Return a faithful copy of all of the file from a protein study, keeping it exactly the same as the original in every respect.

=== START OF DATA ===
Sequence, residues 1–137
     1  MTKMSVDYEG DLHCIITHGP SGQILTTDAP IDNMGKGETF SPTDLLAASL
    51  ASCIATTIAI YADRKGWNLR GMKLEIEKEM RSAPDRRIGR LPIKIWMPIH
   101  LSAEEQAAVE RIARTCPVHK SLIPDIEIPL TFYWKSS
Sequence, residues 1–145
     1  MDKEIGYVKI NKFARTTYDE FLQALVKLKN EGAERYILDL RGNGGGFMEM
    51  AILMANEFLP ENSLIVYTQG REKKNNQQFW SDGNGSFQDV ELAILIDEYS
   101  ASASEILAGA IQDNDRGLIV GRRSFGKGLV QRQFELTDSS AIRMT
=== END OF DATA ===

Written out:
Sequence, residues 1–137
     1  MTKMSVDYEG DLHCIITHGP SGQILTTDAP IDNMGKGETF SPTDLLAASL
    51  ASCIATTIAI YADRKGWNLR GMKLEIEKEM RSAPDRRIGR LPIKIWMPIH
   101  LSAEEQAAVE RIARTCPVHK SLIPDIEIPL TFYWKSS
Sequence, residues 1–145
     1  MDKEIGYVKI NKFARTTYDE FLQALVKLKN EGAERYILDL RGNGGGFMEM
    51  AILMANEFLP ENSLIVYTQG REKKNNQQFW SDGNGSFQDV ELAILIDEYS
   101  ASASEILAGA IQDNDRGLIV GRRSFGKGLV QRQFELTDSS AIRMT